For many organisations, COVID-19 has significantly impacted their performance, financial position and cash flows, and management and directors are looking at ways to communicate the effects of the pandemic on their financial results in the Operating Financial Review, the Directors’ Report and in the financial statements.
Consideration needs to be given as to how organisations disclose these impacts to ensure that they are in compliance with both the Australian Accounting Standards and ASIC Regulatory Guide RG 230 Disclosing non-IFRS financial information and ASIC FAQs on COVID-19 implications for financial reporting and audit.
Consider how to disclose the impacts of COVID-19 carefully – ASIC has views on what approaches are acceptable.
The cessation of construction in Greater Sydney from 19 July 2021 and South Australia from 20 July 2021 are non-adjusting subsequent events unless they impact an organisation's going concern assessment. The probability of an extended and more restricted general lockdown in Sydney, new lockdown in Melbourne and South Australia in July 2021 should have been considered in the determination of cash flows used to measure assets and liabilities as at 30 June 2021.
A subsequent event that indicates the going concern basis of preparation is not appropriate is always an adjusting event, therefore organisations must consider the impact of this new information on their ability to continue as a going concern.
In the current environment, the threat of lockdowns is ever present and at 30 June 2021, organisations should have considered the probability of future restrictions across Australia when measuring assets and liabilities and undertaking going concern assessments given the largely unvaccinated population, the existence of the highly contagious delta variant and the virus elimination strategy adopted by many state governments across Australia.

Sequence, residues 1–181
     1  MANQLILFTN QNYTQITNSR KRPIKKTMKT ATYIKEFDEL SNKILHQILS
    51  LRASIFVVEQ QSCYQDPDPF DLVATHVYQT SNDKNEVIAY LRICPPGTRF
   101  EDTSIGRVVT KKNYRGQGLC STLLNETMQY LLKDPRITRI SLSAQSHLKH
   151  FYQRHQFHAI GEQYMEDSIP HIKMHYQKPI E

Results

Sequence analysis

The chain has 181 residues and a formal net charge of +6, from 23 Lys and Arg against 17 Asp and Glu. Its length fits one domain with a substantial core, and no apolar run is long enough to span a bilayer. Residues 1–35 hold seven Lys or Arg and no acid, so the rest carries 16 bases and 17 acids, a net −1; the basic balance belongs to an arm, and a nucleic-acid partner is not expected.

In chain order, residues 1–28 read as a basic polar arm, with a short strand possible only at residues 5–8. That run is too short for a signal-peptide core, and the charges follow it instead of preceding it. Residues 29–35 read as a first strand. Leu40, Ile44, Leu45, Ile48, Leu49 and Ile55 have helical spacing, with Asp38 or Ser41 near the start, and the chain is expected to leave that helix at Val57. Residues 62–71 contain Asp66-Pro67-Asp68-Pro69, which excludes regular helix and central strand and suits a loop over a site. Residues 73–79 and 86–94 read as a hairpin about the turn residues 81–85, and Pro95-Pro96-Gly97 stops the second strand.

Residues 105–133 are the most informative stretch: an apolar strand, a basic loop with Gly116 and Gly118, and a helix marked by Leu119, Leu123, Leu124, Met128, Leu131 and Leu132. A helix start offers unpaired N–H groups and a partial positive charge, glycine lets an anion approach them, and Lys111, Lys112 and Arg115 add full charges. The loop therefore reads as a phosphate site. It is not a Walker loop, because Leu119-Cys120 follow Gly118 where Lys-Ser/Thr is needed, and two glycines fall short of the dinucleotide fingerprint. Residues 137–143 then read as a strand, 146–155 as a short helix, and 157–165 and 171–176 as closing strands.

If Superannuation funds have experienced material early redemptions as a result of members requesting access to their balances as a result of economic hardship due to COVID-19, as permitted by the Australian Federal Government’s economic response to the COVID-19 pandemic, they may consider including the following disclosures in the notes to their financial statements.
“Under the Australian Federal Government’s economic response to the COVID-19 pandemic, eligible Australian and New Zealand citizens and permanent residents can apply to withdraw up to $10,000 from their superannuation or retirement savings balance in the financial year ending 30 June 2020 and a further $10,000 from 1 July 2020 to 31 December 2020. Eligible temporary visa holders may also apply for a single release of $10,000 before 1 July 2020.
During the year ended 30 June 2020, the Fund received X number of eligible requests and paid a total redemption amount of $XXm. From 1 July to XXXXX, the Fund received Y number of eligible requests, and paid a total redemption of $Xm”
In addition, such funds should consider whether to include as part of their AASB 7 Financial Instruments: Disclosures liquidity risk management disclosures how their liquidity risk management policies have been implemented to address the increased levels of withdrawals and if there have been changes to their policies, the nature of the change.
The following are examples of how information showing the impacts of COVID-19 on the financial performance of an entity may be presented in documents other than the financial statements such as media releases and the operating and financial review: